Inside Deep Throat

Historically, the American government has been tighter than the late Sandra Dee’s stockings and nowhere is this made more obvious than in the documentary Inside Deep Throat.

In a modern era of adult film conventions, the Internet, and Ron Jeremy worshipping, it’s easy to take pornography for granted. It’s now hard to imagine an American market devoid of the 11,000 plus adult films that the industry churned out last year alone, but the industry didn’t always gross $10 billion a year and adult entertainment wasn’t always available on demand in most hotels in the nation.

Like founding father George Washington, director Gerard Damiano found the innocent taste of cherries disagreeable. What better way to uproot an increasingly puritanical society than to shoot a film about a woman whose misplaced clitoris can be found in the back of her throat?

The concept, not to be either literal or figurative, was mind-blowing to some. Questions about how one could be born with such a defect and what deep throat meant were intense enough to bring a curious American audience to its knees, while sitting in theater seats anyways.

Inside Deep Throat is less about the film itself, released in 1972, and more about its $600 million aftermath, which will be disappointing to porn aficionados praying for enough scenes from the original movie to splice them all together.

Directors Fenton Bailey and Randy Barbato certainly have an interesting enough cast to make up for said oversight. Damiano is eccentric but likeable as the barbershop-owner turned porn-director and manages to strike the audience as almost normal compared to the rest of his Deep Throat cast and crew.

His stars, Linda Lovelace and Harry Reems, bleed naivetÃ?©. Lovelace, playing the patient with the unique throat, was barely 19 when the film was shot in Florida on a $25,000 budget and would later claim to have been forced into a contract with Damiano by her then-boyfriend Chuck Traynor. Reems, the subject of the newly coined term deep throat and the film’s doctor, paints himself as a low-budget porn star with three eyes on Hollywood.

Bailey and Barbato succeed in conveying the challenge the success of the film posed to a nation politically governed by Nixon but culturally governed by a disenfranchised underbelly of free-spirited youth. Clashes between the two are documented through archived footage, adult entertainment regulars like Hugh Hefner, and early patrons of the film, including the grandmother of producer Brian Grazer. The two directors also expose the fact that Deep Throat was funded by organized crime, an interesting tidbit that unfortunately grows stale as its pressed thinner than Calista Flockhart’s ribcage.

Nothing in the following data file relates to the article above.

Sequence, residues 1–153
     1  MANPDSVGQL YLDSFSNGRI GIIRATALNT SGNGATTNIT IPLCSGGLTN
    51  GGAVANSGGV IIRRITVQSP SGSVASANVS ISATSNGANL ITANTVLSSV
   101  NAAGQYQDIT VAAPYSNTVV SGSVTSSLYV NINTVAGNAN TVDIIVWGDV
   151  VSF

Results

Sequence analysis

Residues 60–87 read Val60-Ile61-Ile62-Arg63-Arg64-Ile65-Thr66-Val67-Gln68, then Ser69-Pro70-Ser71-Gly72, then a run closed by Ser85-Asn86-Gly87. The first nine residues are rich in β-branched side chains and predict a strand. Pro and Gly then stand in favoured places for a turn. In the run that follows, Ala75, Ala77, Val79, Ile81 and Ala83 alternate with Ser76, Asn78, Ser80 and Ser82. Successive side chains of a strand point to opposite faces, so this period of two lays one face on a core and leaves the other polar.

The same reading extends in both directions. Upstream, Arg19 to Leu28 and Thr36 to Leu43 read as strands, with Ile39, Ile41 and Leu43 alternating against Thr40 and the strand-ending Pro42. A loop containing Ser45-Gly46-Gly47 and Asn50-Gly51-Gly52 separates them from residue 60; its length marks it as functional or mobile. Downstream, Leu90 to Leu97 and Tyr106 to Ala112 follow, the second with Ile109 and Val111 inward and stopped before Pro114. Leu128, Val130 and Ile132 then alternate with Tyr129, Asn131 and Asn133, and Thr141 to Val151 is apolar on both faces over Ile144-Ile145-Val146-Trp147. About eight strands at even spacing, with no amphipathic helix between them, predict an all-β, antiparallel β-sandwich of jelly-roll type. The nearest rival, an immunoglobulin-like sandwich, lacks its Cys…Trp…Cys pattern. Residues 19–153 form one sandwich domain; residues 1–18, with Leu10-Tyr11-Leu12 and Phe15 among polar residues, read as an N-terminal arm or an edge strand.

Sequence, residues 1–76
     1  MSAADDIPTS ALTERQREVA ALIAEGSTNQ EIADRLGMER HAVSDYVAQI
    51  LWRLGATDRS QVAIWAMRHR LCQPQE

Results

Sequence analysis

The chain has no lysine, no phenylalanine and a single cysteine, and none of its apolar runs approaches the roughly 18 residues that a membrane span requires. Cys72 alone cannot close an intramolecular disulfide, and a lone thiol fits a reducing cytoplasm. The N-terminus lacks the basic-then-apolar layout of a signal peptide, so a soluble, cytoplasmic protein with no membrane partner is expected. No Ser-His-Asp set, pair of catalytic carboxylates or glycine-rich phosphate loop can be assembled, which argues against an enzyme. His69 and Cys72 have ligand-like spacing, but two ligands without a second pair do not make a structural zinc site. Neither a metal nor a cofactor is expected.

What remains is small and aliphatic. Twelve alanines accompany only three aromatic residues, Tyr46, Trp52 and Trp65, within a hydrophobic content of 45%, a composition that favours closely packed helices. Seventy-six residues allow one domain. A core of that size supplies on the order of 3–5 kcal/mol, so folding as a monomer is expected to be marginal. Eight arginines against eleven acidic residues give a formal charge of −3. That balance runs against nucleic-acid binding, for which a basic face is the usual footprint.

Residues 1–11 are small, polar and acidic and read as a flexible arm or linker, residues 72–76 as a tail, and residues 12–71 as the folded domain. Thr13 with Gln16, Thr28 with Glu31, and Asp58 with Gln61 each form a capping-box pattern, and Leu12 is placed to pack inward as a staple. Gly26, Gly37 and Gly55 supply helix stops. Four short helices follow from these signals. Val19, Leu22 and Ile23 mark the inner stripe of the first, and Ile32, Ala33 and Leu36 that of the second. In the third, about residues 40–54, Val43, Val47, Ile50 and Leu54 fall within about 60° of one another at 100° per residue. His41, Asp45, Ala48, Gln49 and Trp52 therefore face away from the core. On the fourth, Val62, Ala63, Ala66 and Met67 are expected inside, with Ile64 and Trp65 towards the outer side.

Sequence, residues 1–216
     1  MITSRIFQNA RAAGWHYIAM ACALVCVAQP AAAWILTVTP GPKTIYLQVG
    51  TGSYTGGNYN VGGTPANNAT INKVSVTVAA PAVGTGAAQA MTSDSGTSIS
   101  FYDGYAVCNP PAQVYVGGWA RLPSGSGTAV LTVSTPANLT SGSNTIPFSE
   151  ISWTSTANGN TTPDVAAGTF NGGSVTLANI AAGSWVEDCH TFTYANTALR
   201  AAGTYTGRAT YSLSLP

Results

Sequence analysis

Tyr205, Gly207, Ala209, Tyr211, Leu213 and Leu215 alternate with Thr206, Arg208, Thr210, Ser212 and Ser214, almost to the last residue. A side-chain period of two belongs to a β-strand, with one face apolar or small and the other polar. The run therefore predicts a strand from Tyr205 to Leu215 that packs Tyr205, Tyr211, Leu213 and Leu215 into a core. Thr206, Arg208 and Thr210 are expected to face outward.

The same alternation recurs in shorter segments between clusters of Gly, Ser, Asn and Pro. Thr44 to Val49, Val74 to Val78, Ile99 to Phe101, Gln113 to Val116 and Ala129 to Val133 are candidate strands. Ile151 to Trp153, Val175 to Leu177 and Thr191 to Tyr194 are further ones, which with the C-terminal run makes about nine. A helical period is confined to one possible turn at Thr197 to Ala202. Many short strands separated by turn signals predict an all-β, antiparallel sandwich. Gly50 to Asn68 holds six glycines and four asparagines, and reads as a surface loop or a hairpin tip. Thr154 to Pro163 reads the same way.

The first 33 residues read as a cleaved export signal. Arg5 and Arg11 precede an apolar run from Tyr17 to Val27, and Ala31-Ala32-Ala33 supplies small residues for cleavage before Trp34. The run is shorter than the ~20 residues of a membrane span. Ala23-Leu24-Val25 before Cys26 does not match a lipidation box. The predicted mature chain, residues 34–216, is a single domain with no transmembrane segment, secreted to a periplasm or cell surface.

Perhaps most interesting from a historical standpoint is the film’s documentation of Reems’ obscenity trial, which was initiated in 1976 and, some argue, served as a distraction from Nixon’s Watergate scandal. Unthinkable as it is today, Reems, who was hired primarily as a lighting technician by Damiano before cast as Dr. Young, for 100 dollars, was put on trial for the knowing distribution of the film, which, to his surprise, had been masterminded by the Columbo organized crime family.

Although he was found not guilty and served none of the five years proposed as his sentence, Reems and his trial serves as a chilling reminder of what our government is capable of manipulating.
While the title promises more, Inside Deep Throat grants its audience a unique view into the early years of pornography and exposes the sensitive moral fibers of a nation challenged by a silly film about a woman with a clitoris in her mouth.

Although tedious and unfocused at times, the film remains topical, documenting everything from the late ’60s and early ’70s obscenity laws to the cheap production of porn today.

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